Inspired use of internal and external structural glass as a building material will fulfil many contemporary needs with minimal physical or visual impact on the existing architecture , whilst at the same time maintaining maximum light flow.
We would recommend seeking out a glass specialist with experience in heritage environments to ensure the glass is fully functional, fully compliant and designed to provide the best possible results in each individual setting.
Ion Glass have a well-deserved reputation for working in heritage, conservation and ecclesiastical buildings and have developed a range of specialist skills and techniques to ensure their wholly bespoke glass works perfectly in many different environments.
‘Working in heritage buildings is always exciting as each project is so unique,’ say Ion Glass MD Peter Hazeldean, ‘It’s not just about creating a result that looks amazing, the glass has to work in the space. Working in older properties raises many different technical considerations, right through from the initial design to the expert and sensitive installation.’
We use specialist equipment to record very precise measurements to ensure the glass fits around shaped capitals and pedestals, stone corbels and ‘out of true’ walls - and no two walls, carvings or arches are ever exactly the same. Even the two sides of a seemingly symmetrical archway will differ by several centimetres – and the glass needs to be bespoke manufactured to the correct size.
Wherever possible we prefer a finished result that meets structural requirements without introducing a damaging or visually intrusive framework. Our service includes bespoke metalwork to enable us to fit the glass with minimal impact on the original stonework, developing individual brackets and concealed fixing systems where required.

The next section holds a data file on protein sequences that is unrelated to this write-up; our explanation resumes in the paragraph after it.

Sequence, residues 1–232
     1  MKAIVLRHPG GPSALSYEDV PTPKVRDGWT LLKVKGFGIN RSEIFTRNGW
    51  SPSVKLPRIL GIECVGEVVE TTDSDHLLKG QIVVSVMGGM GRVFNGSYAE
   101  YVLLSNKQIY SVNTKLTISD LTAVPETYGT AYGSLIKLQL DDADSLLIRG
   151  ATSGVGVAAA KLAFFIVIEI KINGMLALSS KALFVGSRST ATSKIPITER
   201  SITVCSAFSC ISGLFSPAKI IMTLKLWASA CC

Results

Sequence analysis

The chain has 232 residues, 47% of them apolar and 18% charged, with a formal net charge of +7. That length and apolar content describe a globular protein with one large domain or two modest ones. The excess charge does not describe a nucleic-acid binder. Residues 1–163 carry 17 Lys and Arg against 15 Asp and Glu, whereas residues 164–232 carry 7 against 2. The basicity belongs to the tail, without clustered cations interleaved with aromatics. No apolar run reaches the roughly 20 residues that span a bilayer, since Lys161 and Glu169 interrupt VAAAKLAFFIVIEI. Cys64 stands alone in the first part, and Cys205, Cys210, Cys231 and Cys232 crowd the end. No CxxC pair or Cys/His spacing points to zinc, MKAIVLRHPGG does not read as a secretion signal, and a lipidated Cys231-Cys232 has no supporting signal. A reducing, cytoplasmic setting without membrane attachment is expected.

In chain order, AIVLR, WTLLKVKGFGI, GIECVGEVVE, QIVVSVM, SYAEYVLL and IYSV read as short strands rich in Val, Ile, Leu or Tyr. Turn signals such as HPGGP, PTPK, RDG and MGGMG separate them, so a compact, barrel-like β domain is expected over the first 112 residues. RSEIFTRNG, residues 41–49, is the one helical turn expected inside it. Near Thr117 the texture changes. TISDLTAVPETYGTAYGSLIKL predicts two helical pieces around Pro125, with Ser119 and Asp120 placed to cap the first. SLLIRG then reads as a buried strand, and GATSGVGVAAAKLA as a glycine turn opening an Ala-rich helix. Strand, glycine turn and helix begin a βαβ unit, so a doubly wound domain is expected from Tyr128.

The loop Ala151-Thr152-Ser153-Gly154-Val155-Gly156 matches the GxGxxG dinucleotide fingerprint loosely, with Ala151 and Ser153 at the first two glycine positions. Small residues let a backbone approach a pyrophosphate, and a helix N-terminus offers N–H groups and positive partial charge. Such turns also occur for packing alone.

We also use the glass itself to create structural fins and beams and have developed a system of ingenious and robust joints manufactured in glass for wholly frameless results.’
The scope of Ion’s work is impressive. Successful installations include structural glass linking old buildings to modern extensions; bespoke framed and frameless balustrades on staircases or enclosing mezzanine floors and stylish glass doors and draught lobbies to provide welcoming and secure entrances. They also regularly install acoustic glass screens, creating private yet fully visible meeting rooms or simply to make more effective use of space and heat-retention in older, draughty buildings.
Ion Glass provided extensive structural glass for the RIBA award-winning restoration project at St Mary’s at the Quay in Ipswich, converting a mediaeval church to provide a health and wellness centre in the heart of the city.
Extensive use of structural glass made it possible to extend upwards into the lofty ceiling space, creating a mezzanine floor with glass enclosed meeting rooms overlooking the nave. Acoustic safety glass set into the arched windows mitigates the intrusion of external traffic noise, allowing quiet spaces within the newly created rooms and a structural glass entrance lobby minimises heat loss whilst still providing a visual welcome to visitors when they enter the building.
‘St Mary’s at the Quay was an exciting project to work on,’ added Peter, ‘especially as it engaged so many of our skills and techniques for structural glass within a single heritage building.’